This work examines the use of new data from mHealth devices in algorithmic Risk Predictor tools for conditions including the early diagnosis of COVID-19. The earliest signs of COVID-19 and other viral infection were from FitBit® devices, and data from these and other mHealth devices on three research platforms are analysed. MHealth devices are selected for everyday use for lifestyle. However users in healthcare may lack expertise, and staff can process only the least quantity and highest quality of mHealth data. On-device processing helps by deriving simple outputs such as Heart-Rate-over-Steps, but is not standardised. Clinicians have long processed simple data in the mind, as was prototyped for frailty with algorithms designed for mental arithmetic. Qualitative accuracy is analysed here as “Healthcare Veracity”, an issue familiar to clinicians and managed pragmatically, usually by time-serialisation. Such clinical quality assurance can also apply to mHealth devices, whose metrological precision and accuracy exceed that of older technologies. Accuracy further improves when each device is paired to its user. New tools could use machine data directly from local devices, or from remote devices if connected for interoperability. However, new devices require clinicians’ trust, and this has been evaluated in developing the PAIDUR framework:Precision / Accuracy / Interoperation / Deployment / Use / Reuse This structures how new mHealth systems can manage socio-technical issues to interoperate their new data across healthcare systems. Consumers’ inexpensive mHealth devices use the same technologies as branded and healthcare-certified products. Mass deployment is already here, and online platforms can already support multiple device types at scale. However, the costs of consumer platforms are also to privacy, which funds the business model, with implications for data quality. This suggests how privacy can be actively managed to keep proven healthcare benefits free at the point-of-care.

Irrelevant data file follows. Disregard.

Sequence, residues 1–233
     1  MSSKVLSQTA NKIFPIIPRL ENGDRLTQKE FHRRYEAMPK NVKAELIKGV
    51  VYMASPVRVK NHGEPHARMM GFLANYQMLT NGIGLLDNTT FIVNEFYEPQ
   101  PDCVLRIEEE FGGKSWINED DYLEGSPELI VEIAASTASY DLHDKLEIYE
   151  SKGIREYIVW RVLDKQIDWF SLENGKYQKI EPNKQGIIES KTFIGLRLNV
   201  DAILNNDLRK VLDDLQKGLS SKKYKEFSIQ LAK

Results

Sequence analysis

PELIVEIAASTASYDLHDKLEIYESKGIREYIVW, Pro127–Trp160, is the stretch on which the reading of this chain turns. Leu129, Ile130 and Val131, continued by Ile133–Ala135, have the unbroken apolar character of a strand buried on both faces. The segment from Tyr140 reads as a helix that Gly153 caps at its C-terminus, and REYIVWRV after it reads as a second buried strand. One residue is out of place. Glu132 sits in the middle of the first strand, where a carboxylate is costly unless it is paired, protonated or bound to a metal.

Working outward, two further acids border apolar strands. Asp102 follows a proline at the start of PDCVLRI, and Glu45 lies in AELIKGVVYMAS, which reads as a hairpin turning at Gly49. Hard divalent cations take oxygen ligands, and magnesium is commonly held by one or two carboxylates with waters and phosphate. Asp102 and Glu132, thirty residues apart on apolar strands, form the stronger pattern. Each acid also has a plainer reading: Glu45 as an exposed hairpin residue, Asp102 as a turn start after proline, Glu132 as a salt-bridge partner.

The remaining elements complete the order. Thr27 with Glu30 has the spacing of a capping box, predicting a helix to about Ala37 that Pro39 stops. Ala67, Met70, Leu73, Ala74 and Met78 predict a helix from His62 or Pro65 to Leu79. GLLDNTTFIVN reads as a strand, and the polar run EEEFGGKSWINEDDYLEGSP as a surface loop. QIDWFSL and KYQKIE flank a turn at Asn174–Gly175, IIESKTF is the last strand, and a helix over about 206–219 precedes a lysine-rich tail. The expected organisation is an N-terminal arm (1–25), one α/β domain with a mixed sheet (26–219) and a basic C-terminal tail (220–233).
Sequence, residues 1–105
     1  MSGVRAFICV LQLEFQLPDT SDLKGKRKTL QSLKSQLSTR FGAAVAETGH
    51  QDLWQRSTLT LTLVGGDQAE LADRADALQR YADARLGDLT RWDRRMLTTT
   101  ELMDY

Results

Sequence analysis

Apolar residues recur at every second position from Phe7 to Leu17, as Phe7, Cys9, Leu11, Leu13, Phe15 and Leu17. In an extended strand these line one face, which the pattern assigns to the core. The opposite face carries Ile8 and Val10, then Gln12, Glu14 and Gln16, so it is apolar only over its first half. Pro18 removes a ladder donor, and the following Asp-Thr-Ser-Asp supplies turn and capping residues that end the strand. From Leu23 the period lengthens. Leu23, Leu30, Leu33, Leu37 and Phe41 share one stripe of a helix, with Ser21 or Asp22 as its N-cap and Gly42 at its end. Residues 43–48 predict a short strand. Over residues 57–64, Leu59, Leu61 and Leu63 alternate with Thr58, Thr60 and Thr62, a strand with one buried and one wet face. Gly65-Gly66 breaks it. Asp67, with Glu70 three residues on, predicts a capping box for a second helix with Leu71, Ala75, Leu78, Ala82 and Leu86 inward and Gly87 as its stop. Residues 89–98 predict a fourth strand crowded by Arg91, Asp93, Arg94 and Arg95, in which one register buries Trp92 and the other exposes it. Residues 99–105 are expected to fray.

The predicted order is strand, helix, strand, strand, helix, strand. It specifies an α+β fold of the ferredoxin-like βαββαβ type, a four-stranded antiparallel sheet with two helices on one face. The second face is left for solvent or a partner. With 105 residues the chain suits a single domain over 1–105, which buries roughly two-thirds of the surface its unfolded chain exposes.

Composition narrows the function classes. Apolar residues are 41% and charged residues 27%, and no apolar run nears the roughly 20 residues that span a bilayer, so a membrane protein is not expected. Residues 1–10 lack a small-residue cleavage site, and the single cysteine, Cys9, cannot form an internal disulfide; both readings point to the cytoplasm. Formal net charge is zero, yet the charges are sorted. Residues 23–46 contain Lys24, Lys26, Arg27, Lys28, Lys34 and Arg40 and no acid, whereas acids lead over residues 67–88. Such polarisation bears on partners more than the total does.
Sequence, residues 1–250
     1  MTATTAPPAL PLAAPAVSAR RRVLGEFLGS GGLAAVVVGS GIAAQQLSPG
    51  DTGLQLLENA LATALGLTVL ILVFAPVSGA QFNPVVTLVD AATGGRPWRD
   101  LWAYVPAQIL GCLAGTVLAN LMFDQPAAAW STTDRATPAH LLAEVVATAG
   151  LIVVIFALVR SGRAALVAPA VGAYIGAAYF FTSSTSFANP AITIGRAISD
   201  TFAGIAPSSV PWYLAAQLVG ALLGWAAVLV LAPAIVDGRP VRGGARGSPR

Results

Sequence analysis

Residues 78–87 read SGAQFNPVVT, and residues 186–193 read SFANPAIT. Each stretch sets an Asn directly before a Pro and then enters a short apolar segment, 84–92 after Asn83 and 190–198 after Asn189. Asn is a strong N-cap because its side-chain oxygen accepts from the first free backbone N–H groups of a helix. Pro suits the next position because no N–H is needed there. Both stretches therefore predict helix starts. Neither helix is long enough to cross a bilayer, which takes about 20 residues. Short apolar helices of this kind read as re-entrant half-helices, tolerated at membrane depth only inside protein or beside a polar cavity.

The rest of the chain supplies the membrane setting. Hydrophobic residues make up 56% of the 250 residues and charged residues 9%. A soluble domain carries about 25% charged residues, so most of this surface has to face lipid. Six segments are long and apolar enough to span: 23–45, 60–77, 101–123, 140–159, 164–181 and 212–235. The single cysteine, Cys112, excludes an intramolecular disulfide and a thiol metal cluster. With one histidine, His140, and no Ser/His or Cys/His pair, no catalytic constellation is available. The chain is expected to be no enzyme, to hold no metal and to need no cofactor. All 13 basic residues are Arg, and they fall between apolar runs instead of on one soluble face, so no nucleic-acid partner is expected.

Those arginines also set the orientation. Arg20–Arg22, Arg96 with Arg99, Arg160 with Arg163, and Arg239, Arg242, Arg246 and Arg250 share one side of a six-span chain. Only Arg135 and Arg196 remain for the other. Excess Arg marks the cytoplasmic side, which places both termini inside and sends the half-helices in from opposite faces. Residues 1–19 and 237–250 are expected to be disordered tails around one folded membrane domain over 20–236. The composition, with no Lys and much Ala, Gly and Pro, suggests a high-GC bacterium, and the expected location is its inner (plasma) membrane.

This content is not covered by the Open Government Licence. Please see source record or item for information on rights and permissions.

Cite as

Brown, C. 2023, 'Everyday data for COVID-19 from mHealth devices: The PAIDUR framework'Edinburgh Napier University. https://doi.org/10.17869/enu.2023.3175075

Downloadable citations

Download HTML citationHTML Download BIB citationBIB Download RIS citationRIS
Last updated: 30 October 2023
Was this page helpful?